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Phenols are hygroscopic and form a red liquid, upon contact with air. Yet, Phenol’s solubility in water is said to be moderate. ( Tilted to the low solubility side) This is explained with the benzene ring being non polar. Then how can it be hygroscopic? Are solubility and hygroscopicity even related at all, then?

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    $\begingroup$ Phenol's solubility in water is not all that low, and grows with temperature until at some point phenol becomes infinitely soluble. Then again, there certainly are some compounds which are hygroscopic and insoluble. How can that be? Well, just like that. $\endgroup$ – Ivan Neretin Nov 30 '17 at 18:03
  • $\begingroup$ related chemistry.stackexchange.com/questions/34636/… $\endgroup$ – Mithoron Nov 30 '17 at 18:30
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Hygroscopicity is measure of how much the molecule likes to bond molecules of water, by hydrating/covering charged part of the molecule with molecule/s of water, which relates to it having some polar or charged functional groups, like hydroxyl group for phenols.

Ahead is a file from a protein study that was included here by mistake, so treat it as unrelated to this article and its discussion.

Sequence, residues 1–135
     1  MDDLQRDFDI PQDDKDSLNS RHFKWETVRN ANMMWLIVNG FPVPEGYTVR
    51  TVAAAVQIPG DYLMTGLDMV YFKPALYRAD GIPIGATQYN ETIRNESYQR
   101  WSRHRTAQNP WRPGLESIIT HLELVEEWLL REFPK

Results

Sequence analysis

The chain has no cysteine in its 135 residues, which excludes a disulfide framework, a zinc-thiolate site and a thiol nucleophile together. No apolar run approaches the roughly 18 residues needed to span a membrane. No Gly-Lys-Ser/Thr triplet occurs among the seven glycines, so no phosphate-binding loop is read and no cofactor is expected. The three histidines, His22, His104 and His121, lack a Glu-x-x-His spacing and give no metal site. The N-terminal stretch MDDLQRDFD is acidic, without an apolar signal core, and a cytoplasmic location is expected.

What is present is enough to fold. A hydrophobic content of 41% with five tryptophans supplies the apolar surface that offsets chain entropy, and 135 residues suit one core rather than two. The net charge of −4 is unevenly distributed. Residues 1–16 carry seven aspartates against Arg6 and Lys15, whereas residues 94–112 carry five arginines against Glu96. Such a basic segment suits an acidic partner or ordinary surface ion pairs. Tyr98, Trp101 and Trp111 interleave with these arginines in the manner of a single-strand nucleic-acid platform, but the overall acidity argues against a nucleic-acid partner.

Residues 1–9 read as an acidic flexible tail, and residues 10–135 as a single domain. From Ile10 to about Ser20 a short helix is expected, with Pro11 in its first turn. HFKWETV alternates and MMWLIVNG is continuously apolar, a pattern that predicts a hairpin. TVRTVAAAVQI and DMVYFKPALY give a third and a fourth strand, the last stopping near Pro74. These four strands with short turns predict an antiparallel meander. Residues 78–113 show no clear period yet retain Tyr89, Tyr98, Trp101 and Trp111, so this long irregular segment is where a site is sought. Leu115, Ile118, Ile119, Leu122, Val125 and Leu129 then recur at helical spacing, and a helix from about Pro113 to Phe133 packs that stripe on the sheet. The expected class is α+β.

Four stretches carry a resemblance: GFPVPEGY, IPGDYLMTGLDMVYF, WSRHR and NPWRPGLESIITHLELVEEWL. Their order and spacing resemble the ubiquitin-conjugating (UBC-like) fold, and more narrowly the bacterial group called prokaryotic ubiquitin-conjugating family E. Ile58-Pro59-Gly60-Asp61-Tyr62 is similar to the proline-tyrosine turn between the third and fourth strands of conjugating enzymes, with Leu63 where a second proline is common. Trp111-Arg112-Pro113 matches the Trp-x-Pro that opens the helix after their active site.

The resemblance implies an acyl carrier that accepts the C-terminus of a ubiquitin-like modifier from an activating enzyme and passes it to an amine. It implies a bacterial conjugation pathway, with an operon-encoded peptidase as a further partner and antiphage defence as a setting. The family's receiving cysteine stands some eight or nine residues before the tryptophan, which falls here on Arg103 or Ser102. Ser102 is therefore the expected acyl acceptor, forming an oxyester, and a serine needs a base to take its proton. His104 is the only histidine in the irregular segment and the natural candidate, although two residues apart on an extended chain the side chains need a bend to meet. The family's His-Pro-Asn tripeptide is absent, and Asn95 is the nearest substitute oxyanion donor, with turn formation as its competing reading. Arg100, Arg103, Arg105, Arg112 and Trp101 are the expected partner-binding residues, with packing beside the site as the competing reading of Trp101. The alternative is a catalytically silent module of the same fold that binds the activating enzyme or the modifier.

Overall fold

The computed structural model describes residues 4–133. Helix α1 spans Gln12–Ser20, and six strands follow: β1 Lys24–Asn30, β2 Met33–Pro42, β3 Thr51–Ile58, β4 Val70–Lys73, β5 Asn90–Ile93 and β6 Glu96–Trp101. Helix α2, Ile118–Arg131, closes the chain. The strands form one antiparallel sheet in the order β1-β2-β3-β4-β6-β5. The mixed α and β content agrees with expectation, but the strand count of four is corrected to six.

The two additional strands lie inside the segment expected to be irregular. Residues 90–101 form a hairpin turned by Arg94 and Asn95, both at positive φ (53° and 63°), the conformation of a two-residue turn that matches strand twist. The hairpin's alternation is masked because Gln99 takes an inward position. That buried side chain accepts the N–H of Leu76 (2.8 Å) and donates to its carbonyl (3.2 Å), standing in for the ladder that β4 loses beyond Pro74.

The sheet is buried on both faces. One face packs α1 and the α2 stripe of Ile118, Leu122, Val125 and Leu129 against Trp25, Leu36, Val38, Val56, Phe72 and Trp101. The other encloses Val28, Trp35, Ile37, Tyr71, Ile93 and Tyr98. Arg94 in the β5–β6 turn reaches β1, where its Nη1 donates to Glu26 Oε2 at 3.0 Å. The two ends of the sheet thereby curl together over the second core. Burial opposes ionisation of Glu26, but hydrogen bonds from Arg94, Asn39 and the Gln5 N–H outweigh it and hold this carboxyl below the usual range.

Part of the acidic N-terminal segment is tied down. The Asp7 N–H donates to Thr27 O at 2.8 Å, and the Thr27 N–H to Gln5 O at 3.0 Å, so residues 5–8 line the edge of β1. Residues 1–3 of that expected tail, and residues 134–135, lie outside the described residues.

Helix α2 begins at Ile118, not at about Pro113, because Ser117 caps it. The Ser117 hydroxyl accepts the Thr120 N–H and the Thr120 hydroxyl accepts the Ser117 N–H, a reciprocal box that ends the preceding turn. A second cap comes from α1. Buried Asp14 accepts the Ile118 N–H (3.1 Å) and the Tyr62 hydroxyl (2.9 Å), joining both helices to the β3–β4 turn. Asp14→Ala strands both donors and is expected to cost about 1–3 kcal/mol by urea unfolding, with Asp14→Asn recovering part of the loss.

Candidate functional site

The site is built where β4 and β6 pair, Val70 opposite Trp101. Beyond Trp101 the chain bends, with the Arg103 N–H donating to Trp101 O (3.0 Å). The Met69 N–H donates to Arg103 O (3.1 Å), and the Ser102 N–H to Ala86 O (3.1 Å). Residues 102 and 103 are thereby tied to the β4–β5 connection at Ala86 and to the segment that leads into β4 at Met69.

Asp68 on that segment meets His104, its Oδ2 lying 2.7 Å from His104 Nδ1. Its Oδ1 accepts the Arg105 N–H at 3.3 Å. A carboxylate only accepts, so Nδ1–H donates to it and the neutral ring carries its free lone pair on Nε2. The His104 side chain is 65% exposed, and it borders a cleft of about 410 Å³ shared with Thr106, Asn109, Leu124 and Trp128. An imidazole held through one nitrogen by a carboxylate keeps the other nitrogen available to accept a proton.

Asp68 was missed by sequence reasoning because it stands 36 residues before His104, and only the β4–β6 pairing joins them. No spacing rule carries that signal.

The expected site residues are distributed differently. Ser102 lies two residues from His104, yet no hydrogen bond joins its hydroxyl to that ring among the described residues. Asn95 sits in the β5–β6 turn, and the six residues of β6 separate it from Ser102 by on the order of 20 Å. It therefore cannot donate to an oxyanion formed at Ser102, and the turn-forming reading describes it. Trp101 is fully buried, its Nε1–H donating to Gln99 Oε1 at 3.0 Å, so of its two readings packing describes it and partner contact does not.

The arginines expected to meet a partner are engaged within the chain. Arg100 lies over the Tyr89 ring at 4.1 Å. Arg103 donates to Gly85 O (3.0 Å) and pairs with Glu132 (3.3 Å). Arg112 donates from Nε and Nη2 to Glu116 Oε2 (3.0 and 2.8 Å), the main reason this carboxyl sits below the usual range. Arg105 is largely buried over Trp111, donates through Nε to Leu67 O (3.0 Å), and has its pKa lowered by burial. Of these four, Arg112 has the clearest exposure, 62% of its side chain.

Solubility is about how molecule likes to be surrounded by water, so in this case the structure of whole molecule makes a difference. Since water is a polar solvent it likes polar solutes. If a molecule despite having one or more polar groups has, for example, a huge part which is not polar, like a carbon chain, then it will not be soluble even though it may be hygroscopic.

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